Structural leadership changes have yielded significant benefits. Greenville now represents best practice in its market area, and its financial performance has improved. Fifteen months ago, prior to establishing the operations council, the finance department and the University Medical Group still were separated into distinct silos. With guidance from the operations council, Greenville integrated those silos and reported good financial performance for 2010, despite the recession and its impact on patients, employers and providers.

About two years ago, Greenville began planning for what it believed health care would look like in 2020. A clinically integrated team helped develop the 2020 plan. The outcome included five goals that have refocused Greenville's strategic plan:

  • Become a total health organization.
  • Transform core organization structures and processes into a highly integrated delivery system.
  • Become an accountable care organization.
  • Improve care delivery and workforce development through innovation in academics.
  • Ensure a sustainable financial model that supports the Greenville vision and mission.

Greenville continues to move toward a clinic model, although it is not a closed model. Many institutions will not have the time and financial resources to move toward a closed model or fully employed model in time for Patient Protection and Affordable Care Act milestones.

A Note of Caution

Donald Berwick, M.D., administrator of the Centers for Medicare & Medicaid Services, recently stated that "cloaking the status quo is not authentic" during a keynote address at the National Committee for Quality Assurance's policy conference in Washington D.C. (Read "Some Claim ACO Status without Truly Changing," by Sandra Yin, in the Dec. 4, 2010, issue of FierceHealthcare. The statement was part of a discussion on how several institutions are suddenly finding that they always have been an ACO.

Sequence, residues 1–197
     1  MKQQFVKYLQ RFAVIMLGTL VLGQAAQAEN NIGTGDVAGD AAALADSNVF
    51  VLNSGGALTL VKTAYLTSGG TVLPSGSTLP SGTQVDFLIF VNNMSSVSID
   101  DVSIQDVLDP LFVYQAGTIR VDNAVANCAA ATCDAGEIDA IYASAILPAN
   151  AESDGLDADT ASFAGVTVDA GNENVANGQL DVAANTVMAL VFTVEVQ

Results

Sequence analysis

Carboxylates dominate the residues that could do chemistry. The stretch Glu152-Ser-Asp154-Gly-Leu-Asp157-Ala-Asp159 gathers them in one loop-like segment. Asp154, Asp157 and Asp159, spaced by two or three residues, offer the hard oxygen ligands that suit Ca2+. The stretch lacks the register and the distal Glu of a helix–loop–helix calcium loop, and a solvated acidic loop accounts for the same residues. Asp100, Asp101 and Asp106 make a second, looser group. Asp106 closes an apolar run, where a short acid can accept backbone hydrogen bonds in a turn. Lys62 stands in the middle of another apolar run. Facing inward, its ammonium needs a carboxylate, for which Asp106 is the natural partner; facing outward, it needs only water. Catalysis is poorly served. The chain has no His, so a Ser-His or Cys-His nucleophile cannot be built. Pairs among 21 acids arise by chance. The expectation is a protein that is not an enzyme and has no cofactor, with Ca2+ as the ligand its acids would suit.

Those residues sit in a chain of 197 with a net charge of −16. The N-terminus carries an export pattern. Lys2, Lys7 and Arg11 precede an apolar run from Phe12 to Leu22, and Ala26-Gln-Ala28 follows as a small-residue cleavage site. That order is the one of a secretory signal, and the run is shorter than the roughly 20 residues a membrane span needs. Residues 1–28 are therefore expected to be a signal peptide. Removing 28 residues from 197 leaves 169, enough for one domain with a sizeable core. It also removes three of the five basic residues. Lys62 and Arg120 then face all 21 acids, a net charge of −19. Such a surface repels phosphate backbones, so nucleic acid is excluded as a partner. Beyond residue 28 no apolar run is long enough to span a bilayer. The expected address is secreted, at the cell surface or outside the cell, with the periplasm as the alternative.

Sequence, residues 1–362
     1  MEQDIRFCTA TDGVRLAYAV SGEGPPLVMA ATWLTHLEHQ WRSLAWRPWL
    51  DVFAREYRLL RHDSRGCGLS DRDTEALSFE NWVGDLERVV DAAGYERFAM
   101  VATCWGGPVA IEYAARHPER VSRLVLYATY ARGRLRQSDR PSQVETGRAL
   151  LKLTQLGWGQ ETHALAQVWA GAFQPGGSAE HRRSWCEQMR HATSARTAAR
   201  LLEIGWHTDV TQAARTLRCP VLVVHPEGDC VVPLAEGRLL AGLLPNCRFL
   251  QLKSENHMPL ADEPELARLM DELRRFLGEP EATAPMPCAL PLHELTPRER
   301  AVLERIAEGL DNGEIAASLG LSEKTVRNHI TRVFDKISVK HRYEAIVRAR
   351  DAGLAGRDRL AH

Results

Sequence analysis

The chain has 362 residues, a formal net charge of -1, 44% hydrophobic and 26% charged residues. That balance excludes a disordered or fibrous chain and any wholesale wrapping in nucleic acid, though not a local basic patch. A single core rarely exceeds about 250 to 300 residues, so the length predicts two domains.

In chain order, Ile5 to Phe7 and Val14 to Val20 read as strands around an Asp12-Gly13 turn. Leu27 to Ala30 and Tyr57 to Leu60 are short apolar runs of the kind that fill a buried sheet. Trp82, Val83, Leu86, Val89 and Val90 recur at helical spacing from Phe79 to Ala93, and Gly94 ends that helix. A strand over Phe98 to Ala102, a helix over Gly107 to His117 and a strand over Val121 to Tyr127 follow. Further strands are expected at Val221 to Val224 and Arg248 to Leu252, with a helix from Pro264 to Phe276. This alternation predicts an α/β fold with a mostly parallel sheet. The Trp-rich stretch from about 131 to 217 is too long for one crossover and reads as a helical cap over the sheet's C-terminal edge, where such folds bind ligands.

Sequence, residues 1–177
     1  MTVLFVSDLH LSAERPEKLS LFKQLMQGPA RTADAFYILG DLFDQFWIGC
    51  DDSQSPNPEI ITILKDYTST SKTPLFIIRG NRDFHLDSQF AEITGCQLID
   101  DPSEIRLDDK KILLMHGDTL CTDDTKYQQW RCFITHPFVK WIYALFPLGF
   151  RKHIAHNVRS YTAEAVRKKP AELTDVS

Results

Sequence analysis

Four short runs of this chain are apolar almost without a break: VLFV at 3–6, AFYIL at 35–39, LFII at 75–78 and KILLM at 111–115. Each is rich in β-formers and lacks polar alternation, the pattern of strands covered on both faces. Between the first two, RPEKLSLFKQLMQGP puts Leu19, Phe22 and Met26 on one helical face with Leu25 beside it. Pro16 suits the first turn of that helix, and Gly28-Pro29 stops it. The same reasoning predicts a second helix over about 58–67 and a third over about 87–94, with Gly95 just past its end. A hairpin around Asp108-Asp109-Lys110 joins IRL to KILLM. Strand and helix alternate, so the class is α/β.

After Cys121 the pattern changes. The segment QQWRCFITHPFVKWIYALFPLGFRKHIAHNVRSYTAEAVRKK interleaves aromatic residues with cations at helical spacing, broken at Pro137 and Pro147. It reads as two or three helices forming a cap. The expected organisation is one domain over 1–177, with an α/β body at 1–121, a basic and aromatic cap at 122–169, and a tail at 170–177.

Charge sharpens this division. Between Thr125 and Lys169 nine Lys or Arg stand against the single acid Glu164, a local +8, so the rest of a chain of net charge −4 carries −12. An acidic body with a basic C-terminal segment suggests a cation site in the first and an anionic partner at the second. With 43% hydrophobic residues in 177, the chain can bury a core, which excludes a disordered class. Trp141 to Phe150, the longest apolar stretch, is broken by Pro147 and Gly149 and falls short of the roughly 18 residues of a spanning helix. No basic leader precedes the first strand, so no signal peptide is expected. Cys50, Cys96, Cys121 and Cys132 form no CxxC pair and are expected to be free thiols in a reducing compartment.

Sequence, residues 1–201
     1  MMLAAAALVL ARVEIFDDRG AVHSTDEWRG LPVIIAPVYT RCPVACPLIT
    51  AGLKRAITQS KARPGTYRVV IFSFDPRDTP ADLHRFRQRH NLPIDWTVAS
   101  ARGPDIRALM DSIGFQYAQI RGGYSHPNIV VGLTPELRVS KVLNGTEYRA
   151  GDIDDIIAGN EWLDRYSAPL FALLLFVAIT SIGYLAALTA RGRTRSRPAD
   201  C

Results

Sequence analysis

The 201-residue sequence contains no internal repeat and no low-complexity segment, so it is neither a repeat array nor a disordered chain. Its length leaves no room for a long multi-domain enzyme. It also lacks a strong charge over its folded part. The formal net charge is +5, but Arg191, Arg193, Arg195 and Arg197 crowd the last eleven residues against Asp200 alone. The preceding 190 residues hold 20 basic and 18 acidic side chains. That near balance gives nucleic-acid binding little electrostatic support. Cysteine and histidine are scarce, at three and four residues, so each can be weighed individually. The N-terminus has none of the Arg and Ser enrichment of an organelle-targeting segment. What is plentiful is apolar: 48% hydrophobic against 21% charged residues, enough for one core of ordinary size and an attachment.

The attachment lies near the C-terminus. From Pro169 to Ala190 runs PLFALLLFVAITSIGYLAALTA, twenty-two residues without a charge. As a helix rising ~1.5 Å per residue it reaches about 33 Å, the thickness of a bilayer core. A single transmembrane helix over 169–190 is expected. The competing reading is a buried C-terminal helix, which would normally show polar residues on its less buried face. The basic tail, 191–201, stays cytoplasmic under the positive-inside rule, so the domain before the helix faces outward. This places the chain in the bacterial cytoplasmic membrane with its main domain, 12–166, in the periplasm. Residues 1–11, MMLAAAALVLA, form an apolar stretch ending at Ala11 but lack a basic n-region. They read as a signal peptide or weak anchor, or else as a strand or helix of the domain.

Berwick's point is that success in health reform is greater than meeting a set of requirements. It will need to be demonstrated in many ways across the clinical enterprise. Institutions focused on achieving a set of criteria are at risk for missing the greater opportunity of broad clinical care coordination.

That point is not lost on Greenville. Delivering care in a way that improves patients' health requires a paradigm shift in leadership, organizational structure and care delivery. Greenville's commitment to clinical integration and physician leadership is an example of the change required for success as an ACO.

Although Greenville's physician integration efforts are pervasive, they are not a guarantee of future performance. Better results will require constant work and dedication to a common set of strategic goals that are reinforced in the daily work of the institution.

Looking Ahead

Greenville continues to pursue its strategic objectives amid many challenges and much change. A next step for Greenville is realigning the rewards system so that quality and effective care delivery are supported with the right incentives. Funding will pose a significant challenge for Greenville and other institutions in the coming years, including potential reductions in Medicaid reimbursement at the state level. Many other challenges lie ahead as well, such as uncertainty in PPACA regulations, and even whether some aspects of the legislation will be underfunded or modified by the new Congress.

Despite the uncertainty, Greenville is in a position to succeed with a strong leadership team, including its physician managers. This guidance is critical to providing a clinically integrated academic health system for Greenville's community and for the state in which it operates.

Christine Stead is a principal and Tom Enders is the managing director of CSC, headquartered in Falls Church, Va.